In 1818, we signed a treaty with Great Britain agreeing to joint ownership of the Oregon Territory. Citizens from both countries had settled there. They eventually agreed to a boundary between America and Canada at the 49th parallel. Then they both got greedy. The British claimed anything north of the 42nd parallel. Along came American expansionists who were willing to go to war in order to claim the disputed area up to the 54th 40 parallel for America.
Franklin Polk ran on the expansionist platform with the slogan "Fifty-four forty or fight," referring to what is now the southern border of Oregon, fifty four degrees, forty minutes north latitude. On Dec 4, 1844, after an election that had run since November 1, he won the presidency. However, he abandoned the fight and left the Oregon Territory boundary at the original line of agreement, the 49th parallel, where it still is today.
We've had some boundary issues ourselves. When we first moved onto this land, no one else lived on the parcels anywhere around us. Everyone else bought for the investment and planned to sell later, and with the titles unclear (except for ours) the plots remained empty for a long time. With no fences in place, the boys literally had their own version of the Hundred Acre Woods to play in.
When the first hard rains showed us how the land around here drained, and that we would soon be washed away if something weren’t done, the owners to the north of us plowed a ditch along that side to help us out. It was required by law, but they were compliant and even stopped to make sure we were satisfied before their rented equipment went back to the store. Yes, we were. The ditch worked fine and we stayed dry.
We assumed the ditch ran right along the northern edge of the property and used all the land up to it for our garden, for our yard, for flower beds, even for a post to hold guywires for our antenna. When the land around us began to sell and people moved in, we finally had to put up a fence. Imagine our surprise when we discovered that we had been using as much as five feet more land along the north boundary than was actually ours. But of course, the surveyors were correct. They had sighted along the boundary markers, white posts set on all four corners of our five plus acres. I even had to dig up half of a lily bed one morning and transplant them elsewhere so they could put the fence along the correct line.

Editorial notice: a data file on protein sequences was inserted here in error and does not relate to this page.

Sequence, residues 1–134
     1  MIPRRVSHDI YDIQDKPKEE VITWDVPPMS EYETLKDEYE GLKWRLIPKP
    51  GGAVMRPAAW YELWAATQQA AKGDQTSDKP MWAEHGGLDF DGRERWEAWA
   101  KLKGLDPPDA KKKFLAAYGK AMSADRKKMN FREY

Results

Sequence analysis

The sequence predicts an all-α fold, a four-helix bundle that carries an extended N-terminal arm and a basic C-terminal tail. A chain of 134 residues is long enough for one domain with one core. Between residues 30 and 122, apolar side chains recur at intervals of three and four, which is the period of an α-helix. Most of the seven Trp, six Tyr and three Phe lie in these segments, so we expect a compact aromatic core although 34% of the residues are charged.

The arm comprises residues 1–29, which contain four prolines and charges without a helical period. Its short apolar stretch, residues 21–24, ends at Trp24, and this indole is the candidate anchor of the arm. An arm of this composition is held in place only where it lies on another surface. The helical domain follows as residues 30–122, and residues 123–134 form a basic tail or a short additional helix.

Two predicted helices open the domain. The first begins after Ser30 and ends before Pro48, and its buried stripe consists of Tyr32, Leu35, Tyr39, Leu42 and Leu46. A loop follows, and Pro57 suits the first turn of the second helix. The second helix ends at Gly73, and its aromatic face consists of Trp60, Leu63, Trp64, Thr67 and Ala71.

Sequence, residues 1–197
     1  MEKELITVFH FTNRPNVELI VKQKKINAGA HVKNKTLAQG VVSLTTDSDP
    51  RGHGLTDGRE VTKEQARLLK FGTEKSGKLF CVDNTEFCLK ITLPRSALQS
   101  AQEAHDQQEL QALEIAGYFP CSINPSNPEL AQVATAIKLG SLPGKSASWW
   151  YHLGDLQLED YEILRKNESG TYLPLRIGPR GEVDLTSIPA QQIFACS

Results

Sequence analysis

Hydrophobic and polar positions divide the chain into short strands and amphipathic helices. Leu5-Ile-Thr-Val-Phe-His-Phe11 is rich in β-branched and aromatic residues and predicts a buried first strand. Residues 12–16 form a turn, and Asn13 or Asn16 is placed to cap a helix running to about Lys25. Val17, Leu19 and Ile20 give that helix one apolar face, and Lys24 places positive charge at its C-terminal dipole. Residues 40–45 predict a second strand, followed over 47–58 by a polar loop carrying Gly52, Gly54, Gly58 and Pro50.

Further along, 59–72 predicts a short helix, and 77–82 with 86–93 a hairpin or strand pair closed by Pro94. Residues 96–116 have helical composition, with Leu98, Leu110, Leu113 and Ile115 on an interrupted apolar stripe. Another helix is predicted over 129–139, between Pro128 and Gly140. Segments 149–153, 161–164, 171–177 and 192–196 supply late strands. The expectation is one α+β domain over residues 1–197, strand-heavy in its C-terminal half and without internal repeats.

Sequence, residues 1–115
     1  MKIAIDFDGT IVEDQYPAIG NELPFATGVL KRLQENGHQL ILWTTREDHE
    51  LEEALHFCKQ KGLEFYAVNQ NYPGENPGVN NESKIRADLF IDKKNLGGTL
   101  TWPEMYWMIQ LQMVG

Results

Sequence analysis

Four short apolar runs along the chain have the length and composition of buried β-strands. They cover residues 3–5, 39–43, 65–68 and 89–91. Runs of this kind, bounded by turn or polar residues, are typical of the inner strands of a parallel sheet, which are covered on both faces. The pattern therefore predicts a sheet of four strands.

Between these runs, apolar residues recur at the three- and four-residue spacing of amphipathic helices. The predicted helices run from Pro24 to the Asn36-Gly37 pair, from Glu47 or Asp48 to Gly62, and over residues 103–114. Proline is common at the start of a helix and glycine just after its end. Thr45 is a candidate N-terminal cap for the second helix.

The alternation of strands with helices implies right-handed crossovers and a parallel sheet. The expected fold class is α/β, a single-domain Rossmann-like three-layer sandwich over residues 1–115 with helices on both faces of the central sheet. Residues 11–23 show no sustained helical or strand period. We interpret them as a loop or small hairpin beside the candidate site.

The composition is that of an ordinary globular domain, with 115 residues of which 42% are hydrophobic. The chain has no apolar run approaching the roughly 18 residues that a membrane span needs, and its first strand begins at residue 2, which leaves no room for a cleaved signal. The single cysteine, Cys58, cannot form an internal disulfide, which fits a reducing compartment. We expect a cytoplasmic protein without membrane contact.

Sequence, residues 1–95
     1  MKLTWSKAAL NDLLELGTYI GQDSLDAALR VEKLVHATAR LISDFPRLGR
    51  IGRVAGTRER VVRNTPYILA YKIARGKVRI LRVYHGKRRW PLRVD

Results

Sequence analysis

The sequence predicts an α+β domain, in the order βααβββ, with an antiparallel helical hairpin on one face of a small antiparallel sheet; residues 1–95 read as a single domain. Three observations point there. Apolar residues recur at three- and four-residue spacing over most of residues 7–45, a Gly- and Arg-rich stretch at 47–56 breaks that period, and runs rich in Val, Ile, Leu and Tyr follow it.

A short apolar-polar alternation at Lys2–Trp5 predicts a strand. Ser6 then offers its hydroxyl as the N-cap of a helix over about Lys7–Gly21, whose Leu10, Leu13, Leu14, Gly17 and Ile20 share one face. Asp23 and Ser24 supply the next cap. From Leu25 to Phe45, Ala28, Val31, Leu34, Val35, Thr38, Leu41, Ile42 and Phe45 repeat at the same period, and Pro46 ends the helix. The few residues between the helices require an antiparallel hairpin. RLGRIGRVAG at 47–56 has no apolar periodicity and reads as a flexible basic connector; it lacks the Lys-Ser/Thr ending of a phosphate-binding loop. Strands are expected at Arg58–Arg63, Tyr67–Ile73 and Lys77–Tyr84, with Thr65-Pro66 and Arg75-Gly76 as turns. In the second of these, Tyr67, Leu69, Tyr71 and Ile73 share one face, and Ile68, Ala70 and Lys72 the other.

The Israelites were aware of boundaries and the landmarks that outlined them. “You shall not move your neighbor's landmark, which the men of old have set, in the inheritance that you will hold in the land that the LORD your God is giving you to possess. Deut 19:14. It was a matter of honesty and integrity. “‘Cursed be anyone who moves his neighbor's landmark.’ And all the people shall say, ‘Amen.’ Deut 27:17. And this is just talking about land. Imagine if someone moved a landmark that showed something even more important than that.
The princes of Judah have become like those who move the landmark… Hos 5:10. The wicked kings of God’s people had blurred the lines between right and wrong, between good and evil. The standard became which will make me wealthier or more important among my peers, rather than which is right in the eyes of God? Which is more convenient, which is easier, which do I like the best, which appeals to my lusts? All of these have been used to move the boundaries of right and wrong in people’s lives for thousands of years. When the government does it too, we have an instant excuse. After all, it’s not against the law, is it?
Do you think it hasn’t happened to us? What do you accept now that you would never have accepted thirty years ago because you knew that the Bible said it was wrong? Now people come along and tell you the Bible is a book of myths or the Bible only means what you want it to mean. They have moved the landmark, and many have accepted it.
God does not move landmarks. What He says goes—then and now. He may have changed the rituals we perform in each dispensation, but basic morality—right and wrong--has not and will not change. Even Jesus used the argument, “But from the beginning it was not so…” (Matt 19:8).
We can move the landmarks all we want, but we will still wind up on the Devil’s property, and God will know the difference, whether we accept it or not.
Do not move an ancient landmark or enter the fields of the fatherless, for their Redeemer is strong; he will plead their cause against you. Prov 23:10-11